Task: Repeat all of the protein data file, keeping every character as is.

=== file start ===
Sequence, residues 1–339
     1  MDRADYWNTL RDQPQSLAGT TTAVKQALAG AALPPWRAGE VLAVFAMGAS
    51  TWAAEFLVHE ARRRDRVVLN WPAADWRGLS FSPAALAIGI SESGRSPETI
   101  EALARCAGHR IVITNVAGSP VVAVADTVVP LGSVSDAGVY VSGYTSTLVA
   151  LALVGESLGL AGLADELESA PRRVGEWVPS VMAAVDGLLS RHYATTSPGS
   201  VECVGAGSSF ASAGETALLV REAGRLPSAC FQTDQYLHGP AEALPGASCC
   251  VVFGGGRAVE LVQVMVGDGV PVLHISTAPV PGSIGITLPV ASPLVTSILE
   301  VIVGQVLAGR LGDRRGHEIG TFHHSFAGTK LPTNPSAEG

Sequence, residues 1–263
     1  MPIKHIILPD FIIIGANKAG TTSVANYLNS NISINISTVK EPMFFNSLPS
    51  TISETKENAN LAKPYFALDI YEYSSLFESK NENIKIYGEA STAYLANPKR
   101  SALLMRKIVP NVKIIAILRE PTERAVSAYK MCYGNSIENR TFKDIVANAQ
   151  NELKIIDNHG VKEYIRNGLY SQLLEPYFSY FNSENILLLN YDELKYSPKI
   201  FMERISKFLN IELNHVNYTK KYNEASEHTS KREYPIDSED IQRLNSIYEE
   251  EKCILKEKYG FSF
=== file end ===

Sequence, residues 1–339
     1  MDRADYWNTL RDQPQSLAGT TTAVKQALAG AALPPWRAGE VLAVFAMGAS
    51  TWAAEFLVHE ARRRDRVVLN WPAADWRGLS FSPAALAIGI SESGRSPETI
   101  EALARCAGHR IVITNVAGSP VVAVADTVVP LGSVSDAGVY VSGYTSTLVA
   151  LALVGESLGL AGLADELESA PRRVGEWVPS VMAAVDGLLS RHYATTSPGS
   201  VECVGAGSSF ASAGETALLV REAGRLPSAC FQTDQYLHGP AEALPGASCC
   251  VVFGGGRAVE LVQVMVGDGV PVLHISTAPV PGSIGITLPV ASPLVTSILE
   301  VIVGQVLAGR LGDRRGHEIG TFHHSFAGTK LPTNPSAEG

Sequence, residues 1–263
     1  MPIKHIILPD FIIIGANKAG TTSVANYLNS NISINISTVK EPMFFNSLPS
    51  TISETKENAN LAKPYFALDI YEYSSLFESK NENIKIYGEA STAYLANPKR
   101  SALLMRKIVP NVKIIAILRE PTERAVSAYK MCYGNSIENR TFKDIVANAQ
   151  NELKIIDNHG VKEYIRNGLY SQLLEPYFSY FNSENILLLN YDELKYSPKI
   201  FMERISKFLN IELNHVNYTK KYNEASEHTS KREYPIDSED IQRLNSIYEE
   251  EKCILKEKYG FSF